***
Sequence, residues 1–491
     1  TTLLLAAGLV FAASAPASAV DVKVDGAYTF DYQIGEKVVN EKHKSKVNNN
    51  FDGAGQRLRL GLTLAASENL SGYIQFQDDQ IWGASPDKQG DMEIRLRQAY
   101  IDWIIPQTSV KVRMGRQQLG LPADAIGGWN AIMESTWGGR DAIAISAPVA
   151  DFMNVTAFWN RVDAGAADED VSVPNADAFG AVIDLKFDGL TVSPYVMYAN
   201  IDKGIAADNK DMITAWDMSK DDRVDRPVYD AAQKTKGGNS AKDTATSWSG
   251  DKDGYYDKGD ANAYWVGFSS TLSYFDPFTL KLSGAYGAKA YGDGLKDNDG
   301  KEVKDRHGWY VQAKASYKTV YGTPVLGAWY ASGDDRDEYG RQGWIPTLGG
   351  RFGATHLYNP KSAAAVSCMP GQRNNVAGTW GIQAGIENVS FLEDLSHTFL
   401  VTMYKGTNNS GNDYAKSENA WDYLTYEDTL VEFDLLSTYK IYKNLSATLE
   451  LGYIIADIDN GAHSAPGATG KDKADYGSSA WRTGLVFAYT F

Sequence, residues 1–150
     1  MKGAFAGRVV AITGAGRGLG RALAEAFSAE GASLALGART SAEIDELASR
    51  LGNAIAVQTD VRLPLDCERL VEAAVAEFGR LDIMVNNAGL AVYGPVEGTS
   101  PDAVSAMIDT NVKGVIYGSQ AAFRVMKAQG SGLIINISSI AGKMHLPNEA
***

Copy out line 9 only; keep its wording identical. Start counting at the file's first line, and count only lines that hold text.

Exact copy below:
   351  RFGATHLYNP KSAAAVSCMP GQRNNVAGTW GIQAGIENVS FLEDLSHTFL